Tuesday, February 16, 2010

A peek into our school room

We continue to greatly enjoy using "Galloping the Globe" for all subjects aside from Math and Language Studies. The book can be used either for one or two years, depending on whether a family wants to spend one or two weeks on each country. We have certainly been more on the slow side, due to a combination of studying each country in great detail and doing lots of related activities, and also adding other neighboring countries to our studies (such as studying North and South Korea, rather than just one of them as suggested in the book).

This week, we are learning about the Netherlands. Here is a brief overview of what we will be covering:

Geography: learning about polders

History/Biographies: Rembrandt, Van Gogh, and Vermeer

General: non-fiction books about the Netherlands

Literature: children's and picture books that relate to the Netherlands or one of the subjects covered this week, such as "Boy Who Held Back the Sea", "Hans Brinker or the Silver Skates", "The Hole in the Dike", "Rembrand's Hat", etc.

Science: non-fiction books about flowers, particularly tulips

Art: learning how to draw various flowers and other plants

Some activities I hope to be doing this week include:

- color and label a map of Holland and the Dutch flag
- cook a Dutch meal
- taste Dutch cheeses such as Gouda or Edamer
- make, draw, or color windmills

The book suggests several other activities, such as making cheese or going bowling (which apparently has its origins in the Netherlands.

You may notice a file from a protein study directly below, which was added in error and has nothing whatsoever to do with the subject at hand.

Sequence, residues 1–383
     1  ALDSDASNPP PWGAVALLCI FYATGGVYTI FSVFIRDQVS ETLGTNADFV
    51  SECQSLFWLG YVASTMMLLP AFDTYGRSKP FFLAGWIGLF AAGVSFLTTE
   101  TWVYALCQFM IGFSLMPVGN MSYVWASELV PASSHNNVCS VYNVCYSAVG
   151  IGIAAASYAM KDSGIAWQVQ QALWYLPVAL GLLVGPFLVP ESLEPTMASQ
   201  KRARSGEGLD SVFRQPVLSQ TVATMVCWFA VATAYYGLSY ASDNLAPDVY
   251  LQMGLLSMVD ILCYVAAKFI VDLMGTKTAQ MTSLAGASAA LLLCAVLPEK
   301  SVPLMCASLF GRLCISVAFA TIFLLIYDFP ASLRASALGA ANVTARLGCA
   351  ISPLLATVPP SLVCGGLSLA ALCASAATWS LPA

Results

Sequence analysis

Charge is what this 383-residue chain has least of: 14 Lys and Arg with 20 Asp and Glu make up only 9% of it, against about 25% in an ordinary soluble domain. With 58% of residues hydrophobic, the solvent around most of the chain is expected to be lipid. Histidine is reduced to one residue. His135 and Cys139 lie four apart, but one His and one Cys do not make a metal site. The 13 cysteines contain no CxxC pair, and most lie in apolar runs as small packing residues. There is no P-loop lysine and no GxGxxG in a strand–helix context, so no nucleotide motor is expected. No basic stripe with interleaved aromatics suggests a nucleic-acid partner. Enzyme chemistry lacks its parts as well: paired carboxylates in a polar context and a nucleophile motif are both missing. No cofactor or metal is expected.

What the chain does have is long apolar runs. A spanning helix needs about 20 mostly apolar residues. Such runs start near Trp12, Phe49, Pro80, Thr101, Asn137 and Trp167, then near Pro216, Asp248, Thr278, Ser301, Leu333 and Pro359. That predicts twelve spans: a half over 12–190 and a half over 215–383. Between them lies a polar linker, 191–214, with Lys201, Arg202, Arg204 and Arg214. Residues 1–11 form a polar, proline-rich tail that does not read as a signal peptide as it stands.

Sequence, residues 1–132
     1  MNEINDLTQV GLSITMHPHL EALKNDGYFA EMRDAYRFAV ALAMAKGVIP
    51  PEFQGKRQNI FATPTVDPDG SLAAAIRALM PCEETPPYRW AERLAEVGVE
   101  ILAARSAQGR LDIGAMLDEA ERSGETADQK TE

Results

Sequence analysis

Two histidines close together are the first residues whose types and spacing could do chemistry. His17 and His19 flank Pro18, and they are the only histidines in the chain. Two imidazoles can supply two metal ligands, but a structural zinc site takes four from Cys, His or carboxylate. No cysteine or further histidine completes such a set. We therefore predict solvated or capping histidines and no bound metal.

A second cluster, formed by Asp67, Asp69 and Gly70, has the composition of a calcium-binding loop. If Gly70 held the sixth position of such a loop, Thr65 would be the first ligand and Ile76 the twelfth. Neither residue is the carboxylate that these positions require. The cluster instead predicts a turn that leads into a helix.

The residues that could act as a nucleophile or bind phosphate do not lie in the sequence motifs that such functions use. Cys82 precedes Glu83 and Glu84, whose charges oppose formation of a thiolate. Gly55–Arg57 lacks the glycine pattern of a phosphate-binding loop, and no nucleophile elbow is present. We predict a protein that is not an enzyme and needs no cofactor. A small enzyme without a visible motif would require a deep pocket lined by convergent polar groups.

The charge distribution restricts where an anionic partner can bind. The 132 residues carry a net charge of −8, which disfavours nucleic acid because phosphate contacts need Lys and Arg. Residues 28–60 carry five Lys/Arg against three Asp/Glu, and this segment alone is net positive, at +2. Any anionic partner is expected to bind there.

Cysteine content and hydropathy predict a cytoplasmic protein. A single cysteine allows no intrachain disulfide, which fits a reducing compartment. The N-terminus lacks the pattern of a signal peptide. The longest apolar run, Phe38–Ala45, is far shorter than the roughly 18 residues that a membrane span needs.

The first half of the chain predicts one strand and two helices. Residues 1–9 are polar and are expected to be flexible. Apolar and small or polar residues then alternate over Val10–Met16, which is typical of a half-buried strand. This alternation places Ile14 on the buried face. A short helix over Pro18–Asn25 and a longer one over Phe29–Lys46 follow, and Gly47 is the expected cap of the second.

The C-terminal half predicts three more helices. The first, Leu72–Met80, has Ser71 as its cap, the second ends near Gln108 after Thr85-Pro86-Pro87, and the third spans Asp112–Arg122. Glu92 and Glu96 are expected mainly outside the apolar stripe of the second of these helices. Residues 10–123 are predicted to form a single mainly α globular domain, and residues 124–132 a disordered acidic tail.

The "Bible" section of the book also gives references to verses that tie in with subjects and ideas covered in the books they suggested for this week. This is a wonderful resource and time saver.

Having a curriculum that our whole family is excited about has been such a blessing. The biggest benefit to using this type of unit study has been that we are all learning about the same subject, but on different levels according to everyone's abilities. Another plus is the fact that we get all the books from the library, at a rate of about 50-70 books per country we cover. I have learned more from teaching my own children than I did in all my years at school. Most importantly, perhaps, the children continue to be very excited and happy about learning, and I am just as excited about teaching them.


  1. Mrs. Anderson,
    I enjoy reading your posts on homeschooling! I am a home school graduate myself and am pretty sure that I'd like to home school my own babies once they are older, so your advice, insights, ideas, and curriculum reviews are quite helpful. Reading this positive post on home schooling--that didn't attempt to explain your education choice for your family or criticize those who have chosen differently--has made my day.

    In Christ,
    T. E.

  2. Wow! That book looks fun. I'll have to get that for Joseph when he starts doing more school work.


  3. Can I send my kids to your "school"?

    It looks like a great way to learn.



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